The challenge began at the stand of giant beech trees. I got the children to think about how they might find out how tall the trees might be. Hands shot up and ideas came. One of the children suggested climbing up and abseiling down with a tape measure! I told them a few crafty ways to estimate the height without climbing the tree. What they didn’t realise was they were actually learning a bit of practical maths. For each challenge I set a “takeaway” task for them to do back at home and find out more about how it all worked.

With parents and children all warmed up I then gave each child a Beachy Books map and scavenger hunt based on drawings and photos from our children’s book Jack and Boo’s Wild Wood events and we set off on a circular walk around the wood, setting the children (and parents) a challenge to collect and spot all the things on the scavenger hunt.

When we got to a secret location in the wood (I could tell you but then I’d have to flick your ear) I challenged the children to build a den. They could either build a full size one to sit in or they could build a little fairy house or something a small woodland creature might want to live in. The children soon got stuck in foraging for sticks, picking up ferns, finding leaves and they all found areas of the wood to start building. Before long all the parents were roped-in to help.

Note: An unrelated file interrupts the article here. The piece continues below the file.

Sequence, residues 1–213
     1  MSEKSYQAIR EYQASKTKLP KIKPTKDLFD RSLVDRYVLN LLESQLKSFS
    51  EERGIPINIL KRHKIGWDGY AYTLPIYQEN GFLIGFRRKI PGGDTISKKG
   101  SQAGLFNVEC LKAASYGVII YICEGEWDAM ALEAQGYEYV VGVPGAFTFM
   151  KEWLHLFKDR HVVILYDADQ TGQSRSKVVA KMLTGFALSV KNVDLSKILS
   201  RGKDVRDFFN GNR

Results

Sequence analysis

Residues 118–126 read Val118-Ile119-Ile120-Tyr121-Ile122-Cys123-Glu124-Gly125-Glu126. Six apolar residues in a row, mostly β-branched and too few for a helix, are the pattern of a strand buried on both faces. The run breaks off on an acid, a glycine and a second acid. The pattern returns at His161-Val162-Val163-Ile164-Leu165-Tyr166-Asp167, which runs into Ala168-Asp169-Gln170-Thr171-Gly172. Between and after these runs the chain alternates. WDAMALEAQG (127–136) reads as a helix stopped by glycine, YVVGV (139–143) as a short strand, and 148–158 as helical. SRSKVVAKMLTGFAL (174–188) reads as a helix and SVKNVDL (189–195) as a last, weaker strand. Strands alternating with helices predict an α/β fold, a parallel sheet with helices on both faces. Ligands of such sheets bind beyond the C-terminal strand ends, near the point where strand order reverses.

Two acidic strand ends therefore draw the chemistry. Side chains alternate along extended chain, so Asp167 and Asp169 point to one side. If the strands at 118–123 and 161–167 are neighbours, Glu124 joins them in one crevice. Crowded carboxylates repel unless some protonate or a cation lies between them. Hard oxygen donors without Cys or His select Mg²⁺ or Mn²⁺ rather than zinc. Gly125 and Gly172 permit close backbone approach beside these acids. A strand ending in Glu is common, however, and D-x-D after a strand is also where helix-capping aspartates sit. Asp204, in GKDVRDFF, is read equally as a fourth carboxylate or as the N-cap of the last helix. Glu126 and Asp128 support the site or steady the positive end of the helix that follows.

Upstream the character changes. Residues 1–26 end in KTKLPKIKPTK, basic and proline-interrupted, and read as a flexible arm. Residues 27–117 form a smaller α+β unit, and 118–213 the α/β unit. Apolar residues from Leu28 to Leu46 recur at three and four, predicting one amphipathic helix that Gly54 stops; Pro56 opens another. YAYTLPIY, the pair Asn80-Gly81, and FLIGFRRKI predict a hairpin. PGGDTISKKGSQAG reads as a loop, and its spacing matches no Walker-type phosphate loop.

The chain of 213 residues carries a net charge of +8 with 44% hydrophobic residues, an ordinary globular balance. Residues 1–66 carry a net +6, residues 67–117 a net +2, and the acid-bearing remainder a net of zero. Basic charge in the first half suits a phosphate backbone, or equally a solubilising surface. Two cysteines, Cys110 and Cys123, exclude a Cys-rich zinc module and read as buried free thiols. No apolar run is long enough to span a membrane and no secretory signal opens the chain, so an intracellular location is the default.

At a fallen tree many of the children immediately started to climb it. In the end we had loads of them crawling all over the tree then leaping off with the help of their parents. It was positive to hear parents saying how much they were enjoying the experience having fun while learning with their children.

For the final challenge I got the children to use their imagination and creative writing skills. I asked them to find a tree in the wood that had a face in it and to then create a character from it by imagining how it would speak, what it might want most in the world, how it got into the wood, etc. The children all scampered off and before long I saw children taking photos of seemingly incongruous tree trunks that on closer inspection revealed piercing eyes and warped faces. It’s like seeing images in the clouds. My children often look up in the sky and tell me they can see a dolphin or dragon or head of a giant. Each child sees something different.